Walls: Wood materials like boards, panels, or shingles are often used for siding, but they can easily catch fire. They’re not the best option for places where fires are more likely to happen. Use fire-resistant materials for siding.

Decks: Use non-combustible materials and create an ember-resistant zone.

Fences: Keep them away from your home or upgrade the last 5 feet to non-combustible material.

Landscaping in the Immediate Zone

  • Regularly clear dead vegetation and debris.
  • Keep hardscape areas free of litter.
  • Use concrete, stone, or gravel for walkways.
  • Remove or replace flammable trees and shrubs.
  • Replace wood mulch with non-combustible options.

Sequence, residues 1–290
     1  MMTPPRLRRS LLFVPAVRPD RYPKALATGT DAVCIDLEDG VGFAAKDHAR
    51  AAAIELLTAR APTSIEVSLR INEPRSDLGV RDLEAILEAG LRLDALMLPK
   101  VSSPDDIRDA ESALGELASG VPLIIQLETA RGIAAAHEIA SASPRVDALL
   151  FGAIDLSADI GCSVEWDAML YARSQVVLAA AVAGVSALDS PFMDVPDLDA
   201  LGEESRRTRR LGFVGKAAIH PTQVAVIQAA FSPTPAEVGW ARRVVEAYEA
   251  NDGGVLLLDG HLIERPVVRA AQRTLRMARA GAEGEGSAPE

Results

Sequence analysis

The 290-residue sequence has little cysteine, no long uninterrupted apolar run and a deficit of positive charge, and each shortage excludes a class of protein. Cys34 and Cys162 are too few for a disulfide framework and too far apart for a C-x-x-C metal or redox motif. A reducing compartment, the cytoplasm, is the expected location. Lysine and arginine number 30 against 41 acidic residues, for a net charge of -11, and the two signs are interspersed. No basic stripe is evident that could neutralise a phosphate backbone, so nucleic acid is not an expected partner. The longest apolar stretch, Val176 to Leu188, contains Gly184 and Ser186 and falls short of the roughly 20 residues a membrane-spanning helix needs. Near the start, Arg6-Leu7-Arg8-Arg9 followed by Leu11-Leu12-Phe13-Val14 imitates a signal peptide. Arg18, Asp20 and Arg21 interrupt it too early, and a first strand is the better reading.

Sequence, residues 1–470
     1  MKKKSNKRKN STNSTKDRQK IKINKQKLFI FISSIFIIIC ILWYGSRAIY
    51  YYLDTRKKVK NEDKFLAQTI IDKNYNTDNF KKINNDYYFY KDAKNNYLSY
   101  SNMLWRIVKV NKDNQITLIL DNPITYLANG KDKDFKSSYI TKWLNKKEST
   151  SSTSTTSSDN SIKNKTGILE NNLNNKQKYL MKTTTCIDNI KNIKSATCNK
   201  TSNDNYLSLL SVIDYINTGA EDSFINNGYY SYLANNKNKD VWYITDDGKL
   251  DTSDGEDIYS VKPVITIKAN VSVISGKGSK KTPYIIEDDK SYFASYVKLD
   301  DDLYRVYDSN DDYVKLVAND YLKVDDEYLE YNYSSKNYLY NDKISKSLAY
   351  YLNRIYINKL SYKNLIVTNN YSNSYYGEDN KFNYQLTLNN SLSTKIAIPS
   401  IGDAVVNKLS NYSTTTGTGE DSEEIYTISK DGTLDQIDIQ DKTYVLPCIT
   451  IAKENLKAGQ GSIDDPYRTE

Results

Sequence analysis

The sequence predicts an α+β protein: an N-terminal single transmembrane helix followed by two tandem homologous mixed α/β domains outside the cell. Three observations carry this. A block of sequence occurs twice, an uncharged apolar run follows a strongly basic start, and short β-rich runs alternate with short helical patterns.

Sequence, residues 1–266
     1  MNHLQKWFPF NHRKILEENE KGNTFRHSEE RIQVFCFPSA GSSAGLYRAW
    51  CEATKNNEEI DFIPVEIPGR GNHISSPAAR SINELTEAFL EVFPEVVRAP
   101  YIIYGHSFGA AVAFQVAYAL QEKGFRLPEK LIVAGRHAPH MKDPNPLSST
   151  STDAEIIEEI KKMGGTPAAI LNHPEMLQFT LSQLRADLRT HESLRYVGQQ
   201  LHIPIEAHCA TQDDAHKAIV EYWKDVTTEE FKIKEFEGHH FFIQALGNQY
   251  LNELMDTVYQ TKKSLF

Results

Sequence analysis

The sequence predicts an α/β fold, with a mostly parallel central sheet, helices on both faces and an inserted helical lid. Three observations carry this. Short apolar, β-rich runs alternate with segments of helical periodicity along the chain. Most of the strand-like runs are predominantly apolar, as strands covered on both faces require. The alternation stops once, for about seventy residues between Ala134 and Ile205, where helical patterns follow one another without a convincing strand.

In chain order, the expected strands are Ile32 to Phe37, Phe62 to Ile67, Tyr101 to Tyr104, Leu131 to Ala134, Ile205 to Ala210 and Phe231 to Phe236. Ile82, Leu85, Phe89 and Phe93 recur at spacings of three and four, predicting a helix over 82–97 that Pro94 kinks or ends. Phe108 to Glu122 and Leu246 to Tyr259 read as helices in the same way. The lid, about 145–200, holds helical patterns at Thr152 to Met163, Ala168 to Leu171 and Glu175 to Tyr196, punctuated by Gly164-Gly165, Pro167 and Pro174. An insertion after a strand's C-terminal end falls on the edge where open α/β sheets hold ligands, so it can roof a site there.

• Trim overhanging tree limbs.

The Intermediate Zone

This zone covers 5 to 30 feet from your home. Your primary goal here is to reduce flammable materials and vegetation that could produce embers, direct flames, or radiant heat that might set your structure on fire. Here’s what to do in this zone:

  • Clear vegetation around and under low-lying stationary objects such as propane tanks.
  • Keep lawns and native grasses trimmed to four inches in height.
  • Remove undergrowth (known as ladder fuels) to keep surface fires from reaching tree crowns, typically 10 feet or higher. Trim trees 6 to 10 feet from the ground or 1/3 of their height for shorter trees.
  • Keep plants, trees, and lawns well-watered to prevent them from drying out.
  • Where possible, space trees at least 18 feet apart, increasing the distance on slopes.
  • Limit the number of trees and shrubs to small clusters to break up continuous vegetation.
  • Plan tree placement so that the mature canopy is at least ten feet away from the structure’s edge.

The Extended Zone